This article is part of the Voices of School Shooting Survivors project, a series by VICE.com intended to shine a light on victims of school shootings across the country.
On February 14, 2008, a gunman killed five and injured 21 at Northern Illinois University in a rampage that lasted five minutes. Patrick Korellis was there that day and took shotgun pellets to the head and an arm.
On February 14, 2018, I was back at the campus of my alma mater, Northern Illinois University, when the news broke. There was a mass shooting taking place in Parkland, Florida, at Marjory Stoneman Douglas High School. I was with friends and fellow alums who had all gathered at NIU for the same reason: to honor the school shooting we'd all been through exactly ten years to the day, February 14, 2008. Each of us stood there, dumbfounded, looking at news updates on our phones. A school shooting on the anniversary of another school shooting.
These students and faculty at Parkland were now a part of the same group I was—a group no one wants to be a part of. Already awash in sadness, the pain came in waves. I was thinking about them and thinking about us.
February 14, 2008 is a day I will never forget, and I knew a whole new school of students would feel the same way about their own date. I was all too familiar with the fear I knew they had stepped into.
Ten years earlier I was sitting in my geology class at NIU when suddenly a gunman with a long trench coat kicked the door open, pulled out a shotgun, and started shooting at us. I got under my desk as I heard my classmates screaming and crying. As he stopped shooting, someone in my classroom yelled, “HE’S RELOADING!” I crawled from under my desk, got up, and ran toward the door.
He fired again, and I felt a sharp pain in the back of my head. I’d been shot. I touched my head, and blood was running down my neck, and all over my hand. I was dizzy, and finally made it outside. A police officer found me and got me an ambulance. When I arrived at the hospital, the doctor rolled up my left sleeve. I had blood, and a big bruise. I was shot in the arm too, and didn’t even know it. I kept seeing more and more stretchers of my classmates arrive. There were 150 people in my classroom, five were killed, and 21 were injured.
The gunman had a shotgun and handguns. I am so lucky he didn’t have a high powered assault weapon, otherwise I wouldn’t be here today.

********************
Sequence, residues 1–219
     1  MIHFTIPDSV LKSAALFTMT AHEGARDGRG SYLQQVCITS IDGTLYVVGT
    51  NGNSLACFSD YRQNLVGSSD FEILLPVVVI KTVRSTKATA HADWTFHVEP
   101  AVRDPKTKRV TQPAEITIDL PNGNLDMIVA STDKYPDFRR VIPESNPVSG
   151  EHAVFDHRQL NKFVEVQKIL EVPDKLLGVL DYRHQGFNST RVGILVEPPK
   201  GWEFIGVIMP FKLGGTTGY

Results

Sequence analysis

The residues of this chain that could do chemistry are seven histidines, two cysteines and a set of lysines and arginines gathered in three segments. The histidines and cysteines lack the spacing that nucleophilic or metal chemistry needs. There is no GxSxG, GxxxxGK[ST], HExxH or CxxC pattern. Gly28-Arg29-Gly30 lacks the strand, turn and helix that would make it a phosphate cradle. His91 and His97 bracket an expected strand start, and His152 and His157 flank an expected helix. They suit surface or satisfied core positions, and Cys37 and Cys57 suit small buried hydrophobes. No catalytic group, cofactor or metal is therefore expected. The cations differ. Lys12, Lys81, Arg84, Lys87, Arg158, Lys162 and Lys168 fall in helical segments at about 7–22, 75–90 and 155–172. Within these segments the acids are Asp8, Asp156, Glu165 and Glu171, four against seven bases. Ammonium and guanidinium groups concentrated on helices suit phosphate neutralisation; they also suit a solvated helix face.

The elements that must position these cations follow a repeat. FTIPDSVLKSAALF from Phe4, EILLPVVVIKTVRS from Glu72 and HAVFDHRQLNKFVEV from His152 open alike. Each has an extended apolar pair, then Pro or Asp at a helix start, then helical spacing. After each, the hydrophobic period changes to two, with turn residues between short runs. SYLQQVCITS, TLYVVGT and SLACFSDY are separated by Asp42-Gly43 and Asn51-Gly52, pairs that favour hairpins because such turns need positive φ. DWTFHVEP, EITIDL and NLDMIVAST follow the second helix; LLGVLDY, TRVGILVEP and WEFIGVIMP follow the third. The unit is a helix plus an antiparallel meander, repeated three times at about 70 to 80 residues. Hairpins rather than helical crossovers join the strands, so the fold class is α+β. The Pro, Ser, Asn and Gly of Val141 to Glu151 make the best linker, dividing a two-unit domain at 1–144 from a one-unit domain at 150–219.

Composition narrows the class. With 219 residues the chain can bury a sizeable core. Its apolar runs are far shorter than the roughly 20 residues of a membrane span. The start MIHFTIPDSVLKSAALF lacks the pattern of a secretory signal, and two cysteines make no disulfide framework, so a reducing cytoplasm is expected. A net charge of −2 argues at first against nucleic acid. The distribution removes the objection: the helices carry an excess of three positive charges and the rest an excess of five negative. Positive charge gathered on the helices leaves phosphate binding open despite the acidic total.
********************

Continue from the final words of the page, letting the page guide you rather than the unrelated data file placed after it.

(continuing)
Ever since Sandy Hook, I’ve been more vocal about the shooting, and meeting with my politicians to see if anything can be done. I’ve met with Senator [Dick] Durbin [of Illinois] four times, after different mass shootings since Sandy Hook, telling him to plead with congress to get something done. Nothing has happened.
The first time we met was at his Chicago office after Sandy Hook. We discussed expanding background checks for all gun sales, and he said he didn’t think they had enough Republican votes. I told him he could share my story in the senate, which he did. I met with him a second time after the shooting at Orlando. I did a press conference with him about banning assault weapons. That didn’t pass either.
The third time we met was after the Vegas shooting. There was talk then about a bump stock ban, which never saw the light of day. Now, Parkland. I did another press conference with Senator Durbin and an alumni of Marjory Stoneman who’s living in Chicago. The senator mentioned that the president wanted to arm teachers, and how ridiculous it was.
In the ten years since surviving the shooting at NIU, I’ve connected with survivors from Columbine, Virginia Tech, Sandy Hook, Aurora, Orlando, Las Vegas, and more. We all have a common bond, and we all need each other. Connecting with other victims has helped tremendously—both for me and for them. We talk about what happened to us, and the bond we all have now.
We all were there to offer our support to these victims. I really hope this is the last mass shooting in this country—I cannot take it anymore. And ten years later, it has gotten harder, not easier. There needs to be a change, and I stand with the students of Marjory Stoneman Douglas who are speaking out, trying to make a change. I finally have some hope something will get done as I see the students there speaking out, and denouncing the politicians who are supported by the NRA. I finally believe we may see some change for the better.
This article originally appeared on VICE US.